PEMBROKE PINES, FLA. (WSVN) - October is Breast Cancer Awareness Month and an international team of researchers have learned more about the genetics of the disease.
The genetic causes of breast cancer have become clearer thanks to a new study.
“Researchers from around the world got together, and they started comparing genetic material of patients unaffected by breast cancer from the genetic material affected by breast cancer,” said Memorial Hospital oncologist Dr. Aurelio Castrellon, “and they started identifying certain mutations.”
Researchers have found 72 new genes that increase a woman’s risk to develop breast cancer. However, Castrellon said, the new research doesn’t mean everyone should get genetic testing.
“The public needs to understand that even though there’s been a lot of genes identified, most [of these genes] have a risk of 10 to 15 percent,” he said.
The new genes do not have such a high risk of developing the disease when compared to the more popular BRCA1 and 2 gene.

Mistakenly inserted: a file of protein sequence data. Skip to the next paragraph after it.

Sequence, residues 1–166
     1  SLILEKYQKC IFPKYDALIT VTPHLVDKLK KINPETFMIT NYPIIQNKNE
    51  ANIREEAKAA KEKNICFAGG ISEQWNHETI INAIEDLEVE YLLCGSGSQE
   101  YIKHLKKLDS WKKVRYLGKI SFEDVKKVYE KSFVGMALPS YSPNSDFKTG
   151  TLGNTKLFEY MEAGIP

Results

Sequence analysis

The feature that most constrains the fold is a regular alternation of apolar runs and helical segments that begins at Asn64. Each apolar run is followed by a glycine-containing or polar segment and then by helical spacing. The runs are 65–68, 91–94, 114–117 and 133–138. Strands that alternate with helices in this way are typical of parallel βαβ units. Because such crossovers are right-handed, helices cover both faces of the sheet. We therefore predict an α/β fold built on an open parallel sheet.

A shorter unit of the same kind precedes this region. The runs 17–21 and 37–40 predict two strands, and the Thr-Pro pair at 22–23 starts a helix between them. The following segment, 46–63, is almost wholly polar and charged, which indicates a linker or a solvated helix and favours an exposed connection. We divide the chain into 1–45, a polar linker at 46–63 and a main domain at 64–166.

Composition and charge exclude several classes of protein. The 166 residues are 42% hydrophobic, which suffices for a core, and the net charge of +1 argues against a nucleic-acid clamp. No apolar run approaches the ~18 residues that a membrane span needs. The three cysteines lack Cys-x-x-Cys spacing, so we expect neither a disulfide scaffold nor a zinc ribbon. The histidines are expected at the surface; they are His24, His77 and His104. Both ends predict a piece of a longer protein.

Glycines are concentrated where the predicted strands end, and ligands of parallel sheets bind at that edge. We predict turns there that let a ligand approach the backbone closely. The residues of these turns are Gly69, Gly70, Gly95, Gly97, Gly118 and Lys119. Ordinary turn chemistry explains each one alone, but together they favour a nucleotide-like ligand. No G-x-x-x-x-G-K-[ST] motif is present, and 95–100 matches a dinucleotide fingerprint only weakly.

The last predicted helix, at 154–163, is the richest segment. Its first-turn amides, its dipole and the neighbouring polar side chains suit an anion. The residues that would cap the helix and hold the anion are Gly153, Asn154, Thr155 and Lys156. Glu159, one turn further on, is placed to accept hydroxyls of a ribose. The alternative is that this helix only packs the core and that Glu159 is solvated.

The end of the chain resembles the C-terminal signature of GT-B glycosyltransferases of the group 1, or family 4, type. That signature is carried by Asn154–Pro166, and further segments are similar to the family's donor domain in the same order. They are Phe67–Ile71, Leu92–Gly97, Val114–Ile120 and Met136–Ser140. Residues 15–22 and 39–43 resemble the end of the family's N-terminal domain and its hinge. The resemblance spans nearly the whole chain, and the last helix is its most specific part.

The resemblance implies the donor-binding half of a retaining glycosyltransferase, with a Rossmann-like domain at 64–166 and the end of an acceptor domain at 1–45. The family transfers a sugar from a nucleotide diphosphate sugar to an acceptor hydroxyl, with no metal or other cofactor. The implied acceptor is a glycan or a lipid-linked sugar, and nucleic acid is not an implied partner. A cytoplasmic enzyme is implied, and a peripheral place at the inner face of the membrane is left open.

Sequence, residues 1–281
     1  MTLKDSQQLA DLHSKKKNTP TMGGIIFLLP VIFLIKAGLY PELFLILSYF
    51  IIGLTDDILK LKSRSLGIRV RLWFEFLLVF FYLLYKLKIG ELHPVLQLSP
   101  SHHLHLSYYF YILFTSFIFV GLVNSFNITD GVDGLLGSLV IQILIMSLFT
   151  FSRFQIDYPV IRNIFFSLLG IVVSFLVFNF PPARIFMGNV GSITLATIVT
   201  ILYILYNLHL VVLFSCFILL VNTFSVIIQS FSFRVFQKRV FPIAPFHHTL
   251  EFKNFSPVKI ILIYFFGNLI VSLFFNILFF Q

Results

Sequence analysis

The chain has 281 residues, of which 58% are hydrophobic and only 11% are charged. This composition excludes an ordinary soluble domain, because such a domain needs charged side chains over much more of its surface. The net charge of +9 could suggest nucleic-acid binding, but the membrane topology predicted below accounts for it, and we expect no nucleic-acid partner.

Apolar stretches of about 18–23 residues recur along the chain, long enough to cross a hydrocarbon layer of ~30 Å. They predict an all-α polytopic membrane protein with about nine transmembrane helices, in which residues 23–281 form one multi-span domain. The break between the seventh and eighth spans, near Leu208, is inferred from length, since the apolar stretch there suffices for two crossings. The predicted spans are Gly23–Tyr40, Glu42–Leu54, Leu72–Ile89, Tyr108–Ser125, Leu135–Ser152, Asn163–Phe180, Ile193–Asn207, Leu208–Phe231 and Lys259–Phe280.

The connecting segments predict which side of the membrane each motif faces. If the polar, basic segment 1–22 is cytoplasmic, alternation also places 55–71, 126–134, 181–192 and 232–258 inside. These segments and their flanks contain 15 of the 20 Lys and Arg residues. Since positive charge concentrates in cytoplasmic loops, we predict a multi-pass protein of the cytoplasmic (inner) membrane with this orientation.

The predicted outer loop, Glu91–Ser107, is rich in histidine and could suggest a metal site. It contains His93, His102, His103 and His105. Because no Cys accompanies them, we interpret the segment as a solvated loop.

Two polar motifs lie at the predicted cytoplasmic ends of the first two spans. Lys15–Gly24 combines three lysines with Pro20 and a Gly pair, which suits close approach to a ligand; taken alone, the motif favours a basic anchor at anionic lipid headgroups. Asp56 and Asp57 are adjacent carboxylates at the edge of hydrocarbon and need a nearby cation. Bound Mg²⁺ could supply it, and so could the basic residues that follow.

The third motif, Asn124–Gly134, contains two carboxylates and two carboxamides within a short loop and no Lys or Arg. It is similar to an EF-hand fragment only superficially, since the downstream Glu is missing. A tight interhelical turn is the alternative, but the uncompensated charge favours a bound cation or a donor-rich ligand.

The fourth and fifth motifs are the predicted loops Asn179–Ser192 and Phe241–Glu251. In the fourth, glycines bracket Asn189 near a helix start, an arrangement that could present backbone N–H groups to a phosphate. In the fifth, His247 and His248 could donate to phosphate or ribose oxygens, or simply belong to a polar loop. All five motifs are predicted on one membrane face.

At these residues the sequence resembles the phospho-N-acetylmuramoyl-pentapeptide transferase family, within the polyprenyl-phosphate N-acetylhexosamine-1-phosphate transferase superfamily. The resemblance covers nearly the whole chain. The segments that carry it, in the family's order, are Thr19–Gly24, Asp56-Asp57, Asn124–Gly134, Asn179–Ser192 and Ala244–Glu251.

Actress Angelina Jolie had the BRCA1 gene and had a double mastectomy to prevent breast cancer. She also had her ovaries and fallopian tubes removed.
“Genes like BRCA1 and BRCA2 put you up to 60 percent,” Castrellon said. “But this is not something I think we should start applying to the regular population.”
Castrellon believes the new study will help those who have already been diagnosed with breast cancer pinpoint the exact mutation or it can help those with high risk factors.
“Patients have significant family history. Only if they do, and their physicians believe that they are at risk for being carried of a genetic mutation, then those patients should undergo genetic testing,” Castrellon said.
At Memorial Hospital West, they want to remind the public that if you have a history of breast cancer in your family, it’s important to get mammograms starting at the age of 35. If breast cancer isn’t in your family history, then mammograms are recommended at 40 years of age.
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